Benefiting from a boost in graduation rates, Cal State Long Beach was able to enroll more than 11,000 new students in the 2019-20 school year for an increase of 20% compared to 2015.
That was one of the highlights shared in the 2019 Convocation at the Carpenter Performing Arts Center on Friday to usher in the new school year, which begins next week.
In her address to faculty and students, President Jane Close Conoley listed the university’s accomplishments over the past year and its future vision outlined in a new campaign called BEACH 2030.
Conoley said the BEACH 2030 campaign aims to lead the university through major changes in technology, the job market and population over the next decade. In one big change, she noted, the university by 2030 could see a drop in enrollment due to lower birthrate trends.
The university over the next year will enlist help from faculty, students and the community for its new vision, she said. The plan will include adding new programs, and closing others.
“While the future is in many ways an open questions, we know there will be forces of change that will require our adaptation,” she said. “I need your best and most creative ideas.”
She noted Cal State Long Beach’s ongoing popularity and its vital role in the community. The university is the most in-demand of all of the Cal State University campuses and is one of the top 10 most applied to universities in the United States.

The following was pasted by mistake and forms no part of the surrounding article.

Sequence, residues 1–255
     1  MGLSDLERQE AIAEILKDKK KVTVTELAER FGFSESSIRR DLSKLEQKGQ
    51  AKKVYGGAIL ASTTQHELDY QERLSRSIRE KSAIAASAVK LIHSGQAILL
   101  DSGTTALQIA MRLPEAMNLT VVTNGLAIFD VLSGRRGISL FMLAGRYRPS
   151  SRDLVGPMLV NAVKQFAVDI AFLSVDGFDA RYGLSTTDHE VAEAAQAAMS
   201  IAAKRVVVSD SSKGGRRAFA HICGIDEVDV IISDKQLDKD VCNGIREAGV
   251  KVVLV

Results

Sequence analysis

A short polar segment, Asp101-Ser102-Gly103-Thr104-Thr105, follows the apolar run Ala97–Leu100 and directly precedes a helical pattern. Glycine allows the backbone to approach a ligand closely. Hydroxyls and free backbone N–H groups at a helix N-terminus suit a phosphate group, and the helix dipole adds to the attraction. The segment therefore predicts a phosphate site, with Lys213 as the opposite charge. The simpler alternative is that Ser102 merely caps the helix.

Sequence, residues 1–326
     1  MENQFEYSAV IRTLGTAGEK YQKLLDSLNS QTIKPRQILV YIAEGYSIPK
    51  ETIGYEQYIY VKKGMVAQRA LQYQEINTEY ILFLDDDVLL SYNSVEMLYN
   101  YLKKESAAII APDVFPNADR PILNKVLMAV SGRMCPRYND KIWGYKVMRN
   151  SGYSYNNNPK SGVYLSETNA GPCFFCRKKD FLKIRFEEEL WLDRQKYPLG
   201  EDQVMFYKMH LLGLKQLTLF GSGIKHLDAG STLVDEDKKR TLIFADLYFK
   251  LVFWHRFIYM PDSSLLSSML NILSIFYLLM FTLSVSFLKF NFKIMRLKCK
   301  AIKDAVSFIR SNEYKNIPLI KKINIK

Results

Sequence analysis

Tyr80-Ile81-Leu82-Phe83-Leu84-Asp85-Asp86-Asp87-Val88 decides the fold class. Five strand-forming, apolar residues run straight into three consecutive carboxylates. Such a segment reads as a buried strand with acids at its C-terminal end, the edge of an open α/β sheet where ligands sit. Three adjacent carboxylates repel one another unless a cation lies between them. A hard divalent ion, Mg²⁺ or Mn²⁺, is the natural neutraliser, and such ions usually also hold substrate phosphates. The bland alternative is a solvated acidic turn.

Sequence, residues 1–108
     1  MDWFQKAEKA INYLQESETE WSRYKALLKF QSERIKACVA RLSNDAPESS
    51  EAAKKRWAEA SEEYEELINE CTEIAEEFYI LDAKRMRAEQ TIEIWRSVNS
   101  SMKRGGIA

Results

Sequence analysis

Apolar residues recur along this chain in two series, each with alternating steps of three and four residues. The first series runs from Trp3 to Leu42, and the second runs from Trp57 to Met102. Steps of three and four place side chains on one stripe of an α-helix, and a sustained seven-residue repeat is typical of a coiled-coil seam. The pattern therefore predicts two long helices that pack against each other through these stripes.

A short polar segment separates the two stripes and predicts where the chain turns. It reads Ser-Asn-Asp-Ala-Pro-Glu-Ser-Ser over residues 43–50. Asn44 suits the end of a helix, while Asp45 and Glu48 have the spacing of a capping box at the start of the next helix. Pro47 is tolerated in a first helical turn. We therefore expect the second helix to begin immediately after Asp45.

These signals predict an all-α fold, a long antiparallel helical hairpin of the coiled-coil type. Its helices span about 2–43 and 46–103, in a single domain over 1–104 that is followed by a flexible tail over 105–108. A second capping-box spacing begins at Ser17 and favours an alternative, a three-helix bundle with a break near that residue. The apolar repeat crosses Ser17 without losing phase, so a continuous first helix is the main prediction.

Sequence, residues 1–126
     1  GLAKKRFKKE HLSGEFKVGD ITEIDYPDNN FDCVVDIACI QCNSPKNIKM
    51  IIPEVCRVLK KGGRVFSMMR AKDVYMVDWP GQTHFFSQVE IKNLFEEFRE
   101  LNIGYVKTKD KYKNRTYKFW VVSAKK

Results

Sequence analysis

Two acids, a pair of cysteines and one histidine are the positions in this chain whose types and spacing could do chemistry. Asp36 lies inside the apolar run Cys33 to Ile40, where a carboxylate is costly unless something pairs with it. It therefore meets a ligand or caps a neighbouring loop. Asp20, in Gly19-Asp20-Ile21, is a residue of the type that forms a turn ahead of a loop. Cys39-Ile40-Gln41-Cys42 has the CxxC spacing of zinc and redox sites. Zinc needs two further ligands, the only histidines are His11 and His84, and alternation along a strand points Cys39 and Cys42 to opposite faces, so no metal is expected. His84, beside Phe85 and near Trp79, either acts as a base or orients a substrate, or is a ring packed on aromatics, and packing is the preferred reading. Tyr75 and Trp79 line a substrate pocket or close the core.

Despite its high demand, Cal State Long Beach was able to enroll 2,000 more students this school year due partly to increased graduation rates.
The university in 2018 awarded 8,986 bachelor’s degrees, up from from 7,800 in 2015. The four-year graduation rate for first-time freshman has jumped to 32% in recent years, while the six-year graduation rate climbed to 73% this year, up from 69% last year.
Conoley said more students are graduating thanks to increased support and engagement.
The university also brings benefits to the city, she said. In 2017, the campus brought $562 million in output to Long Beach and $1.14 billion to Los Angeles County.
While there may be future challenges, Cal State Long Beach will continue to have support from the community, she said.
“We benefit from a strong reputation, in demand programs, and a thriving region,” she said.
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